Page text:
We had the good fortune of connecting with Israel Campos and we’ve shared our conversation below.
Hi Israel, what’s your definition for success?
This is a question I’ve asked myself a lot these last couple years. I do not like how we are taught at a young age that the goal of an education is to simply get a good paying job at the end. In our materialistic culture owning a bunch of expensive things is often synonymous with success. I didn’t know any better as an undergraduate student so I approached college with this mentality. It wasn’t until I attended graduate school and got the opportunity to meet people from all walks of life that I started to realize that there are multiple valid paths to a fulfilling life.
I no longer consider simply having a high income or material possessions as a sign of success. I also don’t consider fame or power as a sign of success. Success is the realization that our existence is just one in the tapestry of life. Coming to this realization makes you a better person. It motivates you to help the people around you, it keeps you mindful of your actions, and it makes you realize that time is the most valuable thing we’ll ever have. Once you value time you won’t waste it doing something that makes you miserable and will instead spend it with your family, friends and doing what makes you happy. In other words, success is making the time to stop and smell the roses.
Can you open up a bit about your work and career? We’re big fans and we’d love for our community to learn more about your work.
My current artwork is the culmination of a decade’s worth of trial and error. I have always been interested in refining my technique while also experimenting with new ones. I currently focus in printmaking processes and gouache paintings. The work I have made predominantly explores the Chicanx experience as the amalgam of two distinct cultural identities but I have been immensely influenced lately by Afrofuturism. I am incredibly fascinated by the aesthetics of the movement and its forward thinking philosophy. It allows Black Artists the flexibility to invent new aesthetics, new perspectives, and forms of expression while remaining distinctly Black. I have been thinking a lot about this movement because I am interested in doing something similar with my work. I want to look to the future and move past the Chicanx as the culmination of two distinct cultures. I want to create an aesthetic that draws from neither culture but that remain distinctly Chicanx. This is the challenge I am currently grappling with and is something I am incredibly excited to explore.
An artistic career comes with a lot of challenges the main one being not having enough time to do all the things you need to do. I need to make work, research my subjects, apply to show finished work at galleries, promote the work online and connect with other artists. An artist has to have a balance of creativity, discipline, and organizational skills to keep everything in order to ensure things get done. I would definitely recommend to an artist starting out to consider the making of the artwork equally important to promoting it and showing at galleries. I am often tempted to just make, make, make, but there is no point if the work isn’t shown. These are important skills that are often neglected in school which is unfortunate since its necessary to be a practicing artist. This is also the most important thing I have learn a long the way. I spent several years straight out of school just making art neglecting to make an effort to promote the work. While this was a mistake it did give me a couple years to refine my technique and learn a lot more about my subjects. In retrospect, I don’t think my work would be where it is right now if I hadn’t spend so much time just making.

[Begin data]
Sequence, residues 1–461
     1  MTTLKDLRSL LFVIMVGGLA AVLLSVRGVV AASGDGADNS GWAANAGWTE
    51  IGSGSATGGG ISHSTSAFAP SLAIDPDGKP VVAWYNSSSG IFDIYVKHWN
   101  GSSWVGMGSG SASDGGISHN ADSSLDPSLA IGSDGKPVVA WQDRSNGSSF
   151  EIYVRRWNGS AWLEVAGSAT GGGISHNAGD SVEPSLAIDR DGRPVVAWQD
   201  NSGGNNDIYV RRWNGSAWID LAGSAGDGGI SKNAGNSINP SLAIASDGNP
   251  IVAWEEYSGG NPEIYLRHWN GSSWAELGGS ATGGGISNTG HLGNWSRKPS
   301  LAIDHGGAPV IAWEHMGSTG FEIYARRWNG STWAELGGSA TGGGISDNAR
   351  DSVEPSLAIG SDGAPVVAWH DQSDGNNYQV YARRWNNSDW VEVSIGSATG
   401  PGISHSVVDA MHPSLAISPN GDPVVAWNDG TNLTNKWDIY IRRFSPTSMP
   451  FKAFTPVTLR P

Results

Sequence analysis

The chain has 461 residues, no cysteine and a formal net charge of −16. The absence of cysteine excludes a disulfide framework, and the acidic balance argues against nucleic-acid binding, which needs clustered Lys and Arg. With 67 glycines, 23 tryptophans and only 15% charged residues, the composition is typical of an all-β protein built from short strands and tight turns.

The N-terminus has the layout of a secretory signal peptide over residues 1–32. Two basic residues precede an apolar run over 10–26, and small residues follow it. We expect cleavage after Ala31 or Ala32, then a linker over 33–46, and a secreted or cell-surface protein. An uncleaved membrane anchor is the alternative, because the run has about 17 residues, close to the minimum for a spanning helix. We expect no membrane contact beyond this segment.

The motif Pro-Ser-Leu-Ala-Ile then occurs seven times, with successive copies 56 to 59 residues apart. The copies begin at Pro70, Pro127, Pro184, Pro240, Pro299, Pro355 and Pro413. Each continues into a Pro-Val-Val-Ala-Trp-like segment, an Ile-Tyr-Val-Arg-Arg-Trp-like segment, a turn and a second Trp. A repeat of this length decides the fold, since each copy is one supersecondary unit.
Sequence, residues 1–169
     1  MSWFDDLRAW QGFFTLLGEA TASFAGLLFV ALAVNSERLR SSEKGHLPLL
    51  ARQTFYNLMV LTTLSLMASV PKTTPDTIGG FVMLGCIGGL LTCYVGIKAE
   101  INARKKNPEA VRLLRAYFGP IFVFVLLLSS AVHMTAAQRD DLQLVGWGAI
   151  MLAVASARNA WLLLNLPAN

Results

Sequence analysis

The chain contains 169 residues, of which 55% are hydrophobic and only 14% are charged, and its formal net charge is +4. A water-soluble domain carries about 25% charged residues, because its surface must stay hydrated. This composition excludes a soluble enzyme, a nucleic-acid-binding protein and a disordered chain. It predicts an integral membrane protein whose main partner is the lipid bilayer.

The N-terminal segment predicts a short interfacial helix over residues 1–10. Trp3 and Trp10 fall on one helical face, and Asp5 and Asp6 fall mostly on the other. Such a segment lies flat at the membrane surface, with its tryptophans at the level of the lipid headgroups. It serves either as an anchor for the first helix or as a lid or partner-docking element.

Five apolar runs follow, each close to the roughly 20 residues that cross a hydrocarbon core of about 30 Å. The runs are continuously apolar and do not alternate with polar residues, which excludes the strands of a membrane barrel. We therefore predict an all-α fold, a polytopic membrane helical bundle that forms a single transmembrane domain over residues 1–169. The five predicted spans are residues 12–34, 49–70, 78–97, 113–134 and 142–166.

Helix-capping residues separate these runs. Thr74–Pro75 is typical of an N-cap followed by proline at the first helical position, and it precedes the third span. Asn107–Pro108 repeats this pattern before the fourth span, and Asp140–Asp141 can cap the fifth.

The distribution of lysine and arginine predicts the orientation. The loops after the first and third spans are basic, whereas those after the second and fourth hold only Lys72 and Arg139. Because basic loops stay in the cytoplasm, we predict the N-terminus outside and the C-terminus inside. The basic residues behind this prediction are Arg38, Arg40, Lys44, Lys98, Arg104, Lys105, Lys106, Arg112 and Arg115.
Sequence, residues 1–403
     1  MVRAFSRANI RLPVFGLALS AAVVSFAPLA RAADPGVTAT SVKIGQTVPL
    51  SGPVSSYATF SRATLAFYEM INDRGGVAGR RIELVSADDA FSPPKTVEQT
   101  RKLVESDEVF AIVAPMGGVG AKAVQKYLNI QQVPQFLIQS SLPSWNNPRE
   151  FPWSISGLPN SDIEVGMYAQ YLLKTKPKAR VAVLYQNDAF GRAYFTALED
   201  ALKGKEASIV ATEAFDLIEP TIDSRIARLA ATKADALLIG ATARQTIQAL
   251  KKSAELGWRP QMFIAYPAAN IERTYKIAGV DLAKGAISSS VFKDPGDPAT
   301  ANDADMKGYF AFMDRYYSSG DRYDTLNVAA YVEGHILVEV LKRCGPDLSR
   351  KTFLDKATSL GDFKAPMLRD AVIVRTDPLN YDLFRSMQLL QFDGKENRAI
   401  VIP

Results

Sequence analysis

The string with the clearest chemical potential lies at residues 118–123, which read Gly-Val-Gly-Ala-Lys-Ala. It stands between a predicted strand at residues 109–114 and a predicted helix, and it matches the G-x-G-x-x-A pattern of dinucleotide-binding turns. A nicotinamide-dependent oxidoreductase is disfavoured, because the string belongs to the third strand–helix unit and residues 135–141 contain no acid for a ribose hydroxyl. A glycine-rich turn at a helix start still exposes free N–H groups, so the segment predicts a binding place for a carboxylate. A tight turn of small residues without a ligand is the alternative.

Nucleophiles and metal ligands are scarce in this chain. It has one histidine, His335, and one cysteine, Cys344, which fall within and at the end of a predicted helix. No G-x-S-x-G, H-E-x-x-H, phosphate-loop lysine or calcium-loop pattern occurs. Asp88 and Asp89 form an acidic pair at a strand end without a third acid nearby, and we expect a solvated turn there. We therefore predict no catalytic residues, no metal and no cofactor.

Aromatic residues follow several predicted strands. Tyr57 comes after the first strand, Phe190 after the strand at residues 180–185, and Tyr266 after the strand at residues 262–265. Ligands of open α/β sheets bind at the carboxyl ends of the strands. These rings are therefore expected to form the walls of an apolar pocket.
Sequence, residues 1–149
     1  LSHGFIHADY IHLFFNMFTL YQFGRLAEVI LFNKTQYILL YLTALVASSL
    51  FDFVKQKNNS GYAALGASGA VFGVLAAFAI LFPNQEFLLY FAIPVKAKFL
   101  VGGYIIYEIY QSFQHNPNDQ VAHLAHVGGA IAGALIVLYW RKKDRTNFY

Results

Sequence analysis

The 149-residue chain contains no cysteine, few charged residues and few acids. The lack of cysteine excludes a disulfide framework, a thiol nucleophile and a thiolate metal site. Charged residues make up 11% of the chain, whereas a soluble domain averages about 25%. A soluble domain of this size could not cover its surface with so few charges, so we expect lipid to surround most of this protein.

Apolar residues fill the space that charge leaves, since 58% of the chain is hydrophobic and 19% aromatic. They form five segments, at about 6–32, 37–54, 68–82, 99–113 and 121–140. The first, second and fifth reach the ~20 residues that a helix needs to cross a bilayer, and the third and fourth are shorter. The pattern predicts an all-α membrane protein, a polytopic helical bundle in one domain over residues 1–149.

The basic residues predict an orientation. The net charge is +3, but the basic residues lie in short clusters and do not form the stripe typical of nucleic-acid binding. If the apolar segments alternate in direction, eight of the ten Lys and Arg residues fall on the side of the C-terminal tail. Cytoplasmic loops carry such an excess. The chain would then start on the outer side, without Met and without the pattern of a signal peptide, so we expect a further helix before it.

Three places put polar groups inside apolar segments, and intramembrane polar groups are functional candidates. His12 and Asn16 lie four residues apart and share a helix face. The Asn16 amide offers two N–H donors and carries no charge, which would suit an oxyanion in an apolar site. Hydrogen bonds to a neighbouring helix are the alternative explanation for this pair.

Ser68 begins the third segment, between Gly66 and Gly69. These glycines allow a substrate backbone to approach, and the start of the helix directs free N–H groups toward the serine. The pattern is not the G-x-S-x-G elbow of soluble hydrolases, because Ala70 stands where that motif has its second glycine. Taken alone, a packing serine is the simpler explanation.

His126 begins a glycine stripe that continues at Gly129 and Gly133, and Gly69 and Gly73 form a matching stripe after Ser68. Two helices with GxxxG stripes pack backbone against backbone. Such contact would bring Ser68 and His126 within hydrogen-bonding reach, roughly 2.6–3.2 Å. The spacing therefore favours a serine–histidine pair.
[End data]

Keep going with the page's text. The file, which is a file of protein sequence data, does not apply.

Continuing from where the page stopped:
If you had a friend visiting you, what are some of the local spots you’d want to take them around to?
I would definitely be interested in showing a visitor glimpses of Los Angeles that counter the stereotypes of the city. Two things that I would highlight would be its history and how industrial the city is. I find it incredibly annoying when I hear people say that L.A doesn’t have any history. The origin of the name for the city is testament to its history; El Pueblo de Nuestra Señora la Reina de los Ángeles. Of course the Art Deco in downtown and Wilshire Blvd would be in the list but also the neighborhoods teaming with Victorian houses down Angelino Heights and West/East Adams. As for the industry I would want them to see the area east of Alameda street. It’s incredibly disorienting only for how rural it feels. There are a lot of great taco stands along the way that cater to the working class in the area. Who else deserves some credit and recognition?
There are a lot of people that deserve a shoutout but I would like to definitely give one out to the friends and collogues I met while in grad school at UW-Madison. I never expected to ever find myself in the Midwest let alone Wisconsin for 3 years but the impact this experience had in my life is immeasurable. Being surrounded by other artists completely transformed how I see the world and how I approach my practice.